India: Growing Incidences Of Unfair Trade Practices In India

The term "Unfair Trade Practice" does not have a universal standard definition. However, the term Unfair Trade Practice broadly refers to any fraudulent, deceptive or dishonest trade practice; or business misrepresentation of the products or services that are being sold; which is prohibited by a statute or has been recognised as actionable under law by a judgement of the court. However, the Indian statute dealing with the term is Consumer Protection Act, 1986.

General unfair trade practices may include unfairly refusing a transaction, discriminating against a transacting party, unfairly excluding competitors, unfairly soliciting customers, unfairly coercing customers, trading with a transacting party by unfairly taking advantage of one's bargaining position, trading under terms and conditions which unfairly restrict business activities of a transacting party, disrupting business activities of another enterprise, and unfair provision of capital, assets, manpower, etc (Unfair assistance).

In India, till 2002, the Monopolies and Restrictive Trade Practices Act (MRTP), which was enacted to prevent monopolies and restrictive trade practices, was the foremost legislation to deal with unfair trade practices in the country. The MRTP Act was repealed giving way to the Competition Act, 2002, thus transferring all the pending cases in the MRTPC to Competition Commission of India (CCI) for adjudication from the stages they were in. However, no provision to deal with unfair trade practice was incorporated in the Competition Act and thus this was, instead, given effect under Consumer Protection Act, 1986 (COPRA) which was already dealing with unfair trade practices. Section 2(1)(r) of COPRA defines unfair trade practice as: "a trade practice which, for the purpose of promoting the sale, use or supply of any goods or for the provision of any service, adopts any unfair method or unfair or deceptive practice, including any of the following practices, namely:—

  1. making any statement, whether orally or in writing or by visible representation which:

    1. falsely represents that the goods are of a particular standard, quality, quantity, grade, composition, style or model;
    2. falsely represents that the services are of a particular standard, quality or grade;
    3. falsely represents any re-built, second-hand, renovated, reconditioned or old goods as new goods;
    4. represents that the goods or services have sponsorship, approval, performance, characteristics, accessories, uses or benefits which such goods or services do not have;
    5. represents that the seller or the supplier has a sponsorship or approval or affiliation which such seller or supplier does not have;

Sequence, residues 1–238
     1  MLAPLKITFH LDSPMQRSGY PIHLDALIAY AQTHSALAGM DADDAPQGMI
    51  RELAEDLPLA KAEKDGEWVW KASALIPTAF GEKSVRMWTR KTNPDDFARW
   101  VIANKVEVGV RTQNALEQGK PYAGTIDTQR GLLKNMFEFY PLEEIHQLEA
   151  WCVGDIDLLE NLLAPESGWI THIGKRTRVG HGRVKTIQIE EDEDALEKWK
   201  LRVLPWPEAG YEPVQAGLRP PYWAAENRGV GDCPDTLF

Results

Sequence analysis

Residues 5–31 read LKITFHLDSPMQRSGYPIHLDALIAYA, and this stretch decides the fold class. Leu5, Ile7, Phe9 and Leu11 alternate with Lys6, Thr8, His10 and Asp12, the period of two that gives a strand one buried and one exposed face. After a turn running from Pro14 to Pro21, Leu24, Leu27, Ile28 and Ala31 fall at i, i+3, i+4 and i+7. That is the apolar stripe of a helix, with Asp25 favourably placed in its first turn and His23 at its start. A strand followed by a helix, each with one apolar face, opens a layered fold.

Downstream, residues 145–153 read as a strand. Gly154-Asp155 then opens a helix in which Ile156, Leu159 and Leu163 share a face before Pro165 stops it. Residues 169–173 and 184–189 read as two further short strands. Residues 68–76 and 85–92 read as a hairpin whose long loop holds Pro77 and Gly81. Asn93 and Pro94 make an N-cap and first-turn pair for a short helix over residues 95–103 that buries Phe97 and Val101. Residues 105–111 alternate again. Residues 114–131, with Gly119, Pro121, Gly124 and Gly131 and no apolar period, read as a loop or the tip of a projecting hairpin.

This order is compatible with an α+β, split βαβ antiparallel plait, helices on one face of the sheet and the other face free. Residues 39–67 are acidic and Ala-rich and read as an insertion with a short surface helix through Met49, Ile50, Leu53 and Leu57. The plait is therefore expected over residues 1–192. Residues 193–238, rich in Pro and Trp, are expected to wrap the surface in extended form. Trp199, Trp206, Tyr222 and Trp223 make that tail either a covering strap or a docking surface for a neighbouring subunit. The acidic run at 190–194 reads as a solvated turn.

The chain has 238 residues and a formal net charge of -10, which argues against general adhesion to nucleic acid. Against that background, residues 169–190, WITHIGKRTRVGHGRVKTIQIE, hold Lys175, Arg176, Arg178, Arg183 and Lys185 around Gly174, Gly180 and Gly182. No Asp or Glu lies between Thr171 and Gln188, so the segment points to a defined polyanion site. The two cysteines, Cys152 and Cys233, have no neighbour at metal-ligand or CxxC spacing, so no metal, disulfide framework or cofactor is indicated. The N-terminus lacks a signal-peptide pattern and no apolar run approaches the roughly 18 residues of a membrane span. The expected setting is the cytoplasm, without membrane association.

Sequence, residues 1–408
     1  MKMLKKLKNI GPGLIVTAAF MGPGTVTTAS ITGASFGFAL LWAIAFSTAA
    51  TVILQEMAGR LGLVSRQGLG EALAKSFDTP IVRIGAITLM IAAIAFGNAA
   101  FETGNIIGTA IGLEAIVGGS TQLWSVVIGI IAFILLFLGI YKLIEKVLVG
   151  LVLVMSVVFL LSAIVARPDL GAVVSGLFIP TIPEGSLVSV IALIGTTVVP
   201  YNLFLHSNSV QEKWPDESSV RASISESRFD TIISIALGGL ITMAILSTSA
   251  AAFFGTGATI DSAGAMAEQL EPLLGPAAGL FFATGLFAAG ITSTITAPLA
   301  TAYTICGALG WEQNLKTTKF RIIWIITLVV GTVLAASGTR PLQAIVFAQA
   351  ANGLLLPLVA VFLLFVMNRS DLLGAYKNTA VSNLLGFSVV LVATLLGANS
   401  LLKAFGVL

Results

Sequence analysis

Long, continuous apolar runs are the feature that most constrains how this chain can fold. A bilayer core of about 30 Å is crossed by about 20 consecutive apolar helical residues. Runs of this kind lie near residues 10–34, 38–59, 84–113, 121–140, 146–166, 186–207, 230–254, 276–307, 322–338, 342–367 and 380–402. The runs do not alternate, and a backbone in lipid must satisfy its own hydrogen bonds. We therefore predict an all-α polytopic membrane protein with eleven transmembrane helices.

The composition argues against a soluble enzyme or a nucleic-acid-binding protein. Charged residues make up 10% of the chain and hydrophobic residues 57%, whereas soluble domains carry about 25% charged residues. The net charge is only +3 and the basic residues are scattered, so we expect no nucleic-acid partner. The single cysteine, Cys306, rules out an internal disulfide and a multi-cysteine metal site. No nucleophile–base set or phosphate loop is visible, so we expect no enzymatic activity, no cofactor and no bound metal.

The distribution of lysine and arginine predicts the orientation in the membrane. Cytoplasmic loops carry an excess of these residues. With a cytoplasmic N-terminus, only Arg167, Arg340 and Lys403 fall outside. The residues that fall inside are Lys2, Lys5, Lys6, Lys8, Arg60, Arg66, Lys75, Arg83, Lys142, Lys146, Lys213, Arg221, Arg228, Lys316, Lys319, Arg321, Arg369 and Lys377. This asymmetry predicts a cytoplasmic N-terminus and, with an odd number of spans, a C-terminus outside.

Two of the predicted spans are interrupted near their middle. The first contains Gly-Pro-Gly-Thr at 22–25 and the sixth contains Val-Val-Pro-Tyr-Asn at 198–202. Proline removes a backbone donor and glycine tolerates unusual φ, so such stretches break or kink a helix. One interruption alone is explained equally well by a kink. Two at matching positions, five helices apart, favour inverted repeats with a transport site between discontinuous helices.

6. makes a false or misleading representation concerning the need for, or the usefulness of, any goods or services;
    7. gives to the public any warranty or guarantee of the performance, efficacy or length of life of a product or of any goods that is not based on an adequate or proper test thereof

In the recent past, the prevalence of Unfair Trade Practice has been on a rise and various instances have come to light bringing the issue at hand in discussion. In a recent case where Big Bazar, a departmental store declared Republic Day as Mega Savings Day, which led to an unmanageable consumer rush. To restrict entry to legitimate purchasers, the store came up with a scheme of issuing an entry coupon of Rs 50. The government of Gujarat filed a complaint before the district forum alleging that Big Bazar had adopted unfair and restrictive trade practices by collecting Rs 1, 95,000 from the sale of the 3,900 coupons. The issue to be decided was whether the imposition of an entry fee amounts to an unfair or restrictive trade practice? Upholding the Government's contention, the Forum held that if the crowd was uncontrollable, the store should have called the police, but had no right to refuse entry or impose an entry fee. The Forum directed Big Bazar to pay the amount collected along with the interest. Big Bazar appealed the order in State Consumer Disputes Redressal Commission, which rejected the appeal. Big Bazar then approached the National Consumer Redressal Commission in revision. The store contended that it had the right to restrict customer entry to the store. It also argued that the purpose of the coupons was to regulate the crowd of customers, and no unfair trade practice had been adopted. The National Commission concluded that Big Bazar had not indulged in unfair or restrictive trade practice. It held that an entry fee does not bring about a manipulation in the price of a product or service, but merely regulates customer crowd. The practice is prevalent worldwide, and is permissible.

In another case, leading real estate firm Unitech Ltd. has been held guilty of resorting to "unfair trade practice" by a consumer forum and directed to pay a customer Six Hundred Sixty Thousand Indian Rupees for making "illegal demands" from him after he booked a flat with it and paid the booking amount. The District Consumer Disputes Redressal Forum, in its order, observed that the firm and its agent made "unjustified" demands from the customer and also threatened to forefeit his deposited money.

Another case dealt with SpiceJet being directed by a consumer forum to pay One Hundred Thousand Indian Rupees to a passenger for not allowing all members of his family to board the plane despite having confirmed tickets and making them travel on two different flights while returning to Delhi from Goa. The East District Consumer Disputes Redressal Forum noted that it was "cruelty" on the part of SpiceJet to split the family into two groups especially when they had children with them and held it guilty of unfair trade practice.